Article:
Technological innovation represents one of the biggest disruptive forces within the marketing supply chain. Automation, AI, and mass integration opportunities are routinely returning to businesses their most precious commodities: time and money. But the speed in which new solutions are developed, implemented, and subsequently superseded presents a challenge in building a technology strategy that meets current requirements while simultaneously accounting for what is around the corner.
The market is clear—organisations that embrace technology adoption have seen growth rapidly outstripping those who fall behind. Accenture finds that Technology Leaders have been growing at 5x the rate of laggards on average in the past three years. The opportunity is then also clear: for huge upside in commercialising technology solutions that drive the sort of value that continues to benefit industry leaders.
But a willingness to invest in technological innovation is only just the start. How can an organisation next craft an RFP that optimally guides progress amidst a rapidly developing technology ecosystem? We share three tips to help any organisation navigate the cluttered and confusing world of selecting a service provider that enables technology to deliver tremendous benefit.
- Simplify the Brief
The technology landscape is innately complex. Numerous applications, programmes & solutions all boast similar benefits often with similar or overlapping functionality. ‘We can reduce speed to market by XX%, saving you Y$$ dollars per month.’ It can feel confusing and overwhelming to see the wood through the trees, and to understand what technology solutions are right for your circumstances.
Keeping the brief simple and focused will ensure that potential vendors are forced to contextualise their own technology offerings in a way that is focused to your needs. When you think about requirements, consider the mandatories and the nice to haves, to establish the correct weighting of these features early in the process.
- Focus on Benefits, Not Function
Service providers that utilise technology can tend to focus on selling the bells and whistles of their solution to differentiate themselves from the pack—highlighting features meant to impress. As a result, organisations then can experience buyer’s remorse over a proposed solution that ‘over delivered’ but did not actually provide the value as originally intended. It is also worth considering that additional features naturally can bring with them additional complexity.
Avoid issues with training, implementation & critically unforeseen cost by keeping sight of your valued requirements when assessing vendor options. If the proposed solution is meant to save stakeholders’ time or ease the painstaking parts of their duties, then select metrics and KPIs centred around those values, confirm they are quantifiable, and ensure they play a central role in the responses provided by potential vendors.
Integration and API opportunitieswill be critical to consider here as well, because if a potential solution doesn’t fit within a broader technological eco-system, it can create unforeseen and unnecessary work. Utilise a minimum viable product to track the effectiveness of solutions in real time as it is developed to ensure your solution roadmap stays close to brief.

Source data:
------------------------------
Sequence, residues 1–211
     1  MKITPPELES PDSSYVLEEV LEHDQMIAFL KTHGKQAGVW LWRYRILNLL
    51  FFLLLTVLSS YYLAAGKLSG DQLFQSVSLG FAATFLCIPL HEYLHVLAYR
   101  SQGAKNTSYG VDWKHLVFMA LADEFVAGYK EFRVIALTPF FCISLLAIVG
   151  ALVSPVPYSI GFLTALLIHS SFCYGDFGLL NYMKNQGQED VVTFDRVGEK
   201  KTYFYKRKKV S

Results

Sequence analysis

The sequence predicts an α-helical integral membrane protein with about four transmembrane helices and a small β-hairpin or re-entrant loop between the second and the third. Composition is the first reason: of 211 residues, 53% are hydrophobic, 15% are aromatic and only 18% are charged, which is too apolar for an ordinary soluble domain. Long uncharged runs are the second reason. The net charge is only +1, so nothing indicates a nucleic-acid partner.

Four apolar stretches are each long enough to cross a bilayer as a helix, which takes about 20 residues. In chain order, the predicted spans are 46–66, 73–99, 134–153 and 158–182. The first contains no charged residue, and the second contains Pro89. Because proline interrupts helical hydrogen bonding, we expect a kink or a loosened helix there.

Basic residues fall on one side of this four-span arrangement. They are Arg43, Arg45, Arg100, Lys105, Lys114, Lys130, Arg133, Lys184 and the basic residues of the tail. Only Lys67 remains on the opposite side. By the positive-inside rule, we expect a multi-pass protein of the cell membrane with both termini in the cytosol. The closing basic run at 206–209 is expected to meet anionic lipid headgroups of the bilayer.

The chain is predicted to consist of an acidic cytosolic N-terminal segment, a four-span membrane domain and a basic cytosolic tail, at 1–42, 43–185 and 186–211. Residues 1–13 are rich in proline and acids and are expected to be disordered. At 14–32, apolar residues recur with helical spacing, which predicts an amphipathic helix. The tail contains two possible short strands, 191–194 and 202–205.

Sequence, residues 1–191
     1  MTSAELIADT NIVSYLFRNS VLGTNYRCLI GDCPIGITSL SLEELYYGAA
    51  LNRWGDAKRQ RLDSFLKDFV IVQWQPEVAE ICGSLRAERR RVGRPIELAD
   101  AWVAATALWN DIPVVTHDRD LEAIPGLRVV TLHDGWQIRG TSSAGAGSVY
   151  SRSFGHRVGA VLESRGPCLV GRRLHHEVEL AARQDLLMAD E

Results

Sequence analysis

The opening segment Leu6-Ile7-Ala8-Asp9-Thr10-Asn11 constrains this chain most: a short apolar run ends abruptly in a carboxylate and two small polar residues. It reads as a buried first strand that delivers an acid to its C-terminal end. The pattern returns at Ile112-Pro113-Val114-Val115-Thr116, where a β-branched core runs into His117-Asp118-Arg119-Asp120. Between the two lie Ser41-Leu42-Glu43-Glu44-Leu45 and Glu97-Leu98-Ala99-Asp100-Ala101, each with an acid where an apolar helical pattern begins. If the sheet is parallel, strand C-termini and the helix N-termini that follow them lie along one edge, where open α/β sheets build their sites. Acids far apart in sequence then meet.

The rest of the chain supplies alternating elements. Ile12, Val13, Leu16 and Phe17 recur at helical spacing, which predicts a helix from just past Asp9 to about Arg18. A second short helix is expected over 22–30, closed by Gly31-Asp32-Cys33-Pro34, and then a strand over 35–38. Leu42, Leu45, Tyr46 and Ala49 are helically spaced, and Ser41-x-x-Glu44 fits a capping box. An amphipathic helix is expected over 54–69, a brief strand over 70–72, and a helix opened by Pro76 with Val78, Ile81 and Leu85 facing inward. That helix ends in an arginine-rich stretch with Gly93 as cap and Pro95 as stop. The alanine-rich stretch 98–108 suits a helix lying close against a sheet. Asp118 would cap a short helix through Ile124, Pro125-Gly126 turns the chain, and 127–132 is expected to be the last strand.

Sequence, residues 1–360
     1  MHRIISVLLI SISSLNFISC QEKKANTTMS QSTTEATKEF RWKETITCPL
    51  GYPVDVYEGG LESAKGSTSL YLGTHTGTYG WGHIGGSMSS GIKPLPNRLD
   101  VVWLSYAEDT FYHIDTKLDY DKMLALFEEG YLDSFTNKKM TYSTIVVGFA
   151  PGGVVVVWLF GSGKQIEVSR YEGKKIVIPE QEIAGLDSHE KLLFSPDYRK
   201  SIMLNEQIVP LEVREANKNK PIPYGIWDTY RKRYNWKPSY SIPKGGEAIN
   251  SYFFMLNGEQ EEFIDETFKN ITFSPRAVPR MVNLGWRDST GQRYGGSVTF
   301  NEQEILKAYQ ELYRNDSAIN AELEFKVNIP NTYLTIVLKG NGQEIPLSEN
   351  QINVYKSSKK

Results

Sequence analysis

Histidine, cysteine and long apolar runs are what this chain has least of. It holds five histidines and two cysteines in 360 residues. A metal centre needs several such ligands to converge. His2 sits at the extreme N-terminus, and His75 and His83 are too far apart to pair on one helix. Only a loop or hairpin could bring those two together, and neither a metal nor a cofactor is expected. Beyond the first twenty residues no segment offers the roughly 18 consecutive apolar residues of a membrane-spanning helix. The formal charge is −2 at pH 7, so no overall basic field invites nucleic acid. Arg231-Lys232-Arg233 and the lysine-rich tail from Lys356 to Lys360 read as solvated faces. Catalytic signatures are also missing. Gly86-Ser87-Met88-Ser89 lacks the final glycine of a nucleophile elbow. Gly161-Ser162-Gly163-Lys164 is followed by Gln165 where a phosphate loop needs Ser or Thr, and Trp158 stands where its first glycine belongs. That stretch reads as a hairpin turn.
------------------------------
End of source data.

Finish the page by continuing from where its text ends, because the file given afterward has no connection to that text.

- Develop Modular Solutions
Prioritise vendors that can deliver modular solutions. No two organisational circumstances are perfectly alike, so when potential vendors boast of “off the shelf solutions that can do it all,” tread cautiously. It is not that these solutions do not exist, but rather that is impossible to be sure of the value any technology solution can drive that doesn’t fully consider the wider technological context of an organisation.
It is critical to understand your requirements in terms of highest to lowest priority, and to diagnose and build solutions with the support of the potential vendors solution architects. Doing so provides the balance between a specific enough solution with general enough features to meet the circumstance.
A vendor that employs modularity allows can more easily combine the basic building blocks of their technology with bespoke solutions to fit any organisation. This can also be a deeply collaborative process, informed by stakeholders across an organisation through-out the implementation. What a marketer requires will differ from procurement, which will differ from IT groups. A modular approach ensures the basic components are easily understood by—and beneficial to—all parties. Modularity allows for these parties to continually inform the solution as it is built, implemented, and tested.
The vendor benefits by having flexibility when selling their solutions, while the organisation gains organic input into the final product. As a given, a potential partner should know your organisation well. A deep understanding of organisational context, your strategic business goals, limitations, and technology infrastructure. A modular approach allows for a solution to drop into this context for maximum benefit.
Though it seems like the technology landscape is becoming more complex, this does not need to be the case. The potential reward for embracing the technological evolution is too significant to ignore. Following the above steps to simplify the process of selecting third-party solutions as well as maintaining focus on where the value is will help drive transformational change in your technology ecosystem.
Tom graduated with a Master in Political Economy and is a Prosci Change Management and Lean Six Sigma Green Belt practitioner. At SGK he has worked on key Consultancy projects across CPG and Retail, spanning process improvement, financial analysis, cost reduction, KPI measurement and resource modelling. Tom has also been involved in managing the development and implementation of innovation products.